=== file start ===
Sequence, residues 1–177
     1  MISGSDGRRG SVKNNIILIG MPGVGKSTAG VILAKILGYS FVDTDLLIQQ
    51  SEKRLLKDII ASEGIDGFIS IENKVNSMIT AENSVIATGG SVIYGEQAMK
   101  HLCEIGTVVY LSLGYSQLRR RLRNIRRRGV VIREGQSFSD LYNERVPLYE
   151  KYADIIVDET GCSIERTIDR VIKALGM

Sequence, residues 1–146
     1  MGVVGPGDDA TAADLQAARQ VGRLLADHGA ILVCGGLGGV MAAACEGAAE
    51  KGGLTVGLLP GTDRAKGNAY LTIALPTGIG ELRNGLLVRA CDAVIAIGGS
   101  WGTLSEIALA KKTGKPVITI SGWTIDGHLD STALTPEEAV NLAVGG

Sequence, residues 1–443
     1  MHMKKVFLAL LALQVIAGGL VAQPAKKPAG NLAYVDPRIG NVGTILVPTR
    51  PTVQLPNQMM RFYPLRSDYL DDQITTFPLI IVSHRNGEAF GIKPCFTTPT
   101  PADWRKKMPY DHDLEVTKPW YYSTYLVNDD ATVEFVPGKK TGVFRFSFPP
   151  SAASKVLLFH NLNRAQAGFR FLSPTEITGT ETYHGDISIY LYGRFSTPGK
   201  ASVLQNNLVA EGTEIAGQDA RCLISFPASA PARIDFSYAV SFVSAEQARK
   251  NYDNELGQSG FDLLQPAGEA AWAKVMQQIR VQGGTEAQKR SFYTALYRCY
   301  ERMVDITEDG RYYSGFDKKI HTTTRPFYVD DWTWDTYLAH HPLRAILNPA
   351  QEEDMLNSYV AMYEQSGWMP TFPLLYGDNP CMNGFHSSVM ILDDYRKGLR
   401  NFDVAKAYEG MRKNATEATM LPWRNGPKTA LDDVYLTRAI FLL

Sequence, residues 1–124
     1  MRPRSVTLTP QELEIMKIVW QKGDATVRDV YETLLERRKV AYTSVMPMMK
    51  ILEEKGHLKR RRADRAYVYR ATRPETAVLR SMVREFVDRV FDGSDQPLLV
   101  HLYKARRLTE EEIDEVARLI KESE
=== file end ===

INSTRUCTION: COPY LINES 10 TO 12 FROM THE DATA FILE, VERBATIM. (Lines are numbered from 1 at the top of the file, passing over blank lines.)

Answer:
Sequence, residues 1–443
     1  MHMKKVFLAL LALQVIAGGL VAQPAKKPAG NLAYVDPRIG NVGTILVPTR
    51  PTVQLPNQMM RFYPLRSDYL DDQITTFPLI IVSHRNGEAF GIKPCFTTPT